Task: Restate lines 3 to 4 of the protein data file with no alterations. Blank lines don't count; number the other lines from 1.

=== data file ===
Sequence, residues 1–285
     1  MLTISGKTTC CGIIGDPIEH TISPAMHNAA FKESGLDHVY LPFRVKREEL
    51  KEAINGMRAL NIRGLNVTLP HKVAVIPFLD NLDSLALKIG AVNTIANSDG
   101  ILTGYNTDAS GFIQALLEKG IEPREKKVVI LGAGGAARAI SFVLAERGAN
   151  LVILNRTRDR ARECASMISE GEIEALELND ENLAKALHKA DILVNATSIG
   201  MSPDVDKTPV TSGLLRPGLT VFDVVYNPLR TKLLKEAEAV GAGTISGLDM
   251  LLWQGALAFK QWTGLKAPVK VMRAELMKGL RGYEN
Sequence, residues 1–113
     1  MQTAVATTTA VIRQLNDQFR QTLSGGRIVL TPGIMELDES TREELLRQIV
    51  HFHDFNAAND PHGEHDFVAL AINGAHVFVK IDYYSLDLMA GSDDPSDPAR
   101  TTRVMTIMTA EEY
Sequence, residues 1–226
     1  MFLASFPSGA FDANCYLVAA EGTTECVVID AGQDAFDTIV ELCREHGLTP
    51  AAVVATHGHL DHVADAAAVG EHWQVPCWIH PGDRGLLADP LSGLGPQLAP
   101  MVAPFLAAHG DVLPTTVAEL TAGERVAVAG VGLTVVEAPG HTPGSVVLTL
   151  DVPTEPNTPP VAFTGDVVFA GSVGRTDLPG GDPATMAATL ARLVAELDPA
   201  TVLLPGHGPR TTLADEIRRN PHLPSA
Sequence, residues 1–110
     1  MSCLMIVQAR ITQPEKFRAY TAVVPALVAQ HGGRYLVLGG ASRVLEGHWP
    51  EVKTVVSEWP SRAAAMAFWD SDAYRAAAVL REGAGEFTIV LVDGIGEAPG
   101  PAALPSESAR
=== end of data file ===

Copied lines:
    51  KEAINGMRAL NIRGLNVTLP HKVAVIPFLD NLDSLALKIG AVNTIANSDG
   101  ILTGYNTDAS GFIQALLEKG IEPREKKVVI LGAGGAARAI SFVLAERGAN